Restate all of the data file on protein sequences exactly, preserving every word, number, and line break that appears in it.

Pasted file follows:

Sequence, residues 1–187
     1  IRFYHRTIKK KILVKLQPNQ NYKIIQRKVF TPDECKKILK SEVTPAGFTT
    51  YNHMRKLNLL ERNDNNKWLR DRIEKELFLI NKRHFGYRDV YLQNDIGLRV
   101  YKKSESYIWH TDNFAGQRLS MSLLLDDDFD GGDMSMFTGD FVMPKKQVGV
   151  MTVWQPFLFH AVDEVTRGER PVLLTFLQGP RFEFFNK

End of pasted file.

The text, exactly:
Sequence, residues 1–187
     1  IRFYHRTIKK KILVKLQPNQ NYKIIQRKVF TPDECKKILK SEVTPAGFTT
    51  YNHMRKLNLL ERNDNNKWLR DRIEKELFLI NKRHFGYRDV YLQNDIGLRV
   101  YKKSESYIWH TDNFAGQRLS MSLLLDDDFD GGDMSMFTGD FVMPKKQVGV
   151  MTVWQPFLFH AVDEVTRGER PVLLTFLQGP RFEFFNK